For a moment he forgets everything except for a truth that hasn’t happened yet. Marabela’s rescue will be their rescue. Her survival will be theirs to share. Nothing will matter except for that. ~ from Chasing the Sun
In her debut novel, Chasing the Sun, Natalia Sylvester weaves a story of trust and illusion, of tradition and transition, of a complicated marriage in unsettled times. As the story of husband and wife–Andres and Marabela–unfolds, we find a marriage held together by fragile ties and a history of family conflict.
Marabela has left Andres and their children once before, but this time her disappearance plays against the backdrop of political unrest in Lima, Peru. This time, Andres learns, she has been kidnapped.
As he struggles to collect the ransom he needs to bring his wife home, to insulate his children from the truth, to uncover the point at which their marriage began to fall apart, he turns to his past, and he ventures into a room that “reveals pieces of [Marabela] he recognizes and pieces of her he didn’t know were there.”
I’m thrilled to introduce Natalia Sylvester and excited to offer a giveaway. Drop your name in the comments for a chance to win a copy of Chasing the Sun.
Welcome Natalia Sylvester!
CC: In this interview on NBCNews.com, you say the novel is partially based on your grandfather’s kidnapping that happened when you were young but wasn’t discussed openly until years later. And, in this post on Books a la Mode, you say “fiction is a powerful way to explore truths we don’t otherwise have access to” (I love that perspective). How has this novel revealed truth for you?
NS: On a personal side, it’s helped me understand my family in ways I’d never considered. As a writer, it’s helped me realize how important it is for us to be fearless; writers are so often plagued by doubt and insecurity, and in writing Chasing the Sun and speaking to my family I got so many glimpses of what bravery truly means. And in a more general sense, I know the person I was when I began writing this book, or even certain drafts of this book, is not the same person I was when I finished it.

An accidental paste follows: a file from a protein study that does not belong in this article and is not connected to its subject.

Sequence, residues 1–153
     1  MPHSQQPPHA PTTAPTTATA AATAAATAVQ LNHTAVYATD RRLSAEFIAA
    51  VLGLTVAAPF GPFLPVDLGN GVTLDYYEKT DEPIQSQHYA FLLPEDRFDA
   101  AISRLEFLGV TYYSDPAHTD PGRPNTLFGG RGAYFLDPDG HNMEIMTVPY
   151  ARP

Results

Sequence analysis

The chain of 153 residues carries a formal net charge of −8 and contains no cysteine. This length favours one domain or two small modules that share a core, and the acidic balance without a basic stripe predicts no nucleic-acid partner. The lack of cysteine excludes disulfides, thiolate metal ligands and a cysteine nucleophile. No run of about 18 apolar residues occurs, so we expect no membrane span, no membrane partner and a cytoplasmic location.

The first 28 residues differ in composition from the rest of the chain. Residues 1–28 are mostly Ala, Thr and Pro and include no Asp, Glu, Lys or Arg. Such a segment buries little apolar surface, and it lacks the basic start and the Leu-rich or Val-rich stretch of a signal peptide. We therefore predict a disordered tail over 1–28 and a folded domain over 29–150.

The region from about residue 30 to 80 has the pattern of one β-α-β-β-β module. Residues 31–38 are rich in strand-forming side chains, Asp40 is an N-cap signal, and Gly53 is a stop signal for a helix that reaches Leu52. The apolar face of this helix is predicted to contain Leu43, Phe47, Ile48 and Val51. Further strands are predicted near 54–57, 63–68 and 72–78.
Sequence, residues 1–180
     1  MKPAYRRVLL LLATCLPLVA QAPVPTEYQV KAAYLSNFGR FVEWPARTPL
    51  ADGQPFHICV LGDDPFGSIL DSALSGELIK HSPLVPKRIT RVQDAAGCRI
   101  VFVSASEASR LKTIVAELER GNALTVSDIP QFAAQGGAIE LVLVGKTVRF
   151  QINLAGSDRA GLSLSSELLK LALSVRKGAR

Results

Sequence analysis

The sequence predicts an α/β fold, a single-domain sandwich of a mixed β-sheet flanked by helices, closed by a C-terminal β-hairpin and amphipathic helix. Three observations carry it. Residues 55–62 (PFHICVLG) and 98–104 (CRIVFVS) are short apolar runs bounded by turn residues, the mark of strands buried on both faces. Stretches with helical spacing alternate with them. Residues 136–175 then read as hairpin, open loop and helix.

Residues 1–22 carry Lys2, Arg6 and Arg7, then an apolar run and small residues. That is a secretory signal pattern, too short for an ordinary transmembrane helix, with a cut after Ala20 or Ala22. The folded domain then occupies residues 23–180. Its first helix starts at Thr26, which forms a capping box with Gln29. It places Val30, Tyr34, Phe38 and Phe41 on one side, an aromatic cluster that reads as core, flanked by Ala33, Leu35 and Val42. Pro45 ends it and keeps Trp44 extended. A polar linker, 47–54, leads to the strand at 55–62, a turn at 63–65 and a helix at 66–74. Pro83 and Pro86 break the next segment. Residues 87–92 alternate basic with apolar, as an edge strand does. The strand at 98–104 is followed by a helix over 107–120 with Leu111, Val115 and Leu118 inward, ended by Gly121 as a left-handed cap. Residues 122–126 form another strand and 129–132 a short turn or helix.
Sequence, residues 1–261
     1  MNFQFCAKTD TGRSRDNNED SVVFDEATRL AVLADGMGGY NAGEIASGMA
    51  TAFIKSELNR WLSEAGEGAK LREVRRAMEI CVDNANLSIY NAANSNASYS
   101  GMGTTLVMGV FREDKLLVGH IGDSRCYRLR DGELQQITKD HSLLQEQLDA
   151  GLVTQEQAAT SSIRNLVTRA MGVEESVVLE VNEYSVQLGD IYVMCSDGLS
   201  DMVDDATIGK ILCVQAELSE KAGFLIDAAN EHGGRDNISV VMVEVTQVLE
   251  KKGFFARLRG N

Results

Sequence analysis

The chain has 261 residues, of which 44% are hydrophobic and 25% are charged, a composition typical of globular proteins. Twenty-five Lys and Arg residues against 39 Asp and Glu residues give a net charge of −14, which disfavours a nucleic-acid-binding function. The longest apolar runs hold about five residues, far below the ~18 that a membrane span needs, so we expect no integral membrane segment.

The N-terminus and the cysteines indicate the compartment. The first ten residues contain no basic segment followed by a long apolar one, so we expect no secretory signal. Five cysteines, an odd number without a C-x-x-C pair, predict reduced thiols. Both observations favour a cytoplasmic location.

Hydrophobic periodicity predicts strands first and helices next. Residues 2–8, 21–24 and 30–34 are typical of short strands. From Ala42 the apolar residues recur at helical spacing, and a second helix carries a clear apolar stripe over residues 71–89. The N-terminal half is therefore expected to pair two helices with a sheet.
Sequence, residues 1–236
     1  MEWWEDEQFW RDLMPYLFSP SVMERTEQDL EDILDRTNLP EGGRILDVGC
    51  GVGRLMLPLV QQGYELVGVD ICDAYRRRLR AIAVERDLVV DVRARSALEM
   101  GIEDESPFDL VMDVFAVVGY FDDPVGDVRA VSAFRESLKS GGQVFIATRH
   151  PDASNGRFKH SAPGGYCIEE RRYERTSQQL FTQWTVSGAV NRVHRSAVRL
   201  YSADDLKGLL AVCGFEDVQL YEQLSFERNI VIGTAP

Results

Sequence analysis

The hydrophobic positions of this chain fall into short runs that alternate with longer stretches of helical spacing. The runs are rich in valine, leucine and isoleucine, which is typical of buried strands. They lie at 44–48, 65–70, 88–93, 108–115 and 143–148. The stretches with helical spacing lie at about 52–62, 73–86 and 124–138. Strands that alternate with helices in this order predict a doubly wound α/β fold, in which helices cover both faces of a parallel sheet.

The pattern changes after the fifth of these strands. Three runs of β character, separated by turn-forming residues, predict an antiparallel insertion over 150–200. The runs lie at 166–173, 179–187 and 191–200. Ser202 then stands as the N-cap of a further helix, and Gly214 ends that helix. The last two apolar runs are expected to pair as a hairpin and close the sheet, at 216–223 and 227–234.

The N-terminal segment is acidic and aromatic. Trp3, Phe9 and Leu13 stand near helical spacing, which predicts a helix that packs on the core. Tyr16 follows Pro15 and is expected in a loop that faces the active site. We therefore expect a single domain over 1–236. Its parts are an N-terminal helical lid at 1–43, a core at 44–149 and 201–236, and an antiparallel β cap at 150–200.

CC: I’ve read bits and pieces about your journey in writing this book. One in particular stands out: how revisions of early drafts felt more like a complete rewrite of the story as you switched points of view, opening scenes, and first lines. When did you know that you finally had the story on its true path?
NS: There was a moment in probably the second or third to last draft when I was writing a scene in which Lorena, Andres’s mother, has recommended he contact a security consultant to help guide him through ransom negotiations. Andres asks her how she knows Guillermo, and Lorena responds that she knows him through Elena.
I had no idea who this character was—even typing her name was a surprise. But I had a sense that she was important, and that she was a part of Andres and Marabela’s past, and a source of much heartache, so I kept writing to discover not just her, but the story that ties these three characters together. And there was something so exciting about having the writing completely surprise me like that, and yet, completely make sense as it clicked together. It felt like I was finally seeing what the story was meant to become.
CC: Recently on your blog, you wrote about something as simple as a birthday wish and the gift of using that wish for the benefit of another. What would you wish for the next person who holds a copy of your book in hand?
NS: Wow, what a wonderful question! I’d wish that they never find themselves in such similar struggles as my characters—not just a kidnapping, but heartbreak and regret and the pain of not fully being able to protect our loved ones—but that perhaps it helps someone realize we are all fighting our own silent struggles, and that’s why kindness is so important.
CC: What are you reading these days?
NS: I just finished reading The Amado Women by Desiree Zamorano, and I’m now reading Remember Me Like This by Bret Anthony Johnston. Both are beautiful, but very different depictions of the complexities of family bonds, and how they’re tested through hardship. I never tire of reading about relationships; I feel like every story is essentially about connection.
CC: What’s the biggest lesson you’ve learned in bringing this book to publication?
NS: In a word: perspective. Writing and publishing a book is something I’ve wanted for so long, and to have that come true is more rewarding than I could ever express. But when you put it in perspective, it is one book, and writing is one aspect of my life, and achieving one dream—no matter how huge—is not the only thing that makes my life complete.
Before I got my book deal, I think I had the sense that this is the one thing I want more than anything in the world. When in reality, we all have so many sources of happiness, so many dreams we’re living out each day without even realizing it because we’re so blinded by what we’ve yet to accomplish.
Born in Lima, Peru, NATALIA SYLVESTER came to the U.S. at age four and grew up in South Florida, where she received a B.A. in Creative Writing from the University of Miami. A former magazine editor, she now works as a freelance writer in Austin, Texas. Her articles have appeared in Latina Magazine, Writer’s Digest, The Writer, and NBCLatino.com. CHASING THE SUN, partially inspired by family events, is her first novel.
Visit her website at www.nataliasylvester.com or follow her on Twitter at @NataliaSylv. BUT FIRST, drop your name in the comments for a chance to win a copy of Chasing the Sun (deadline to enter is high noon on Tuesday, November 4th).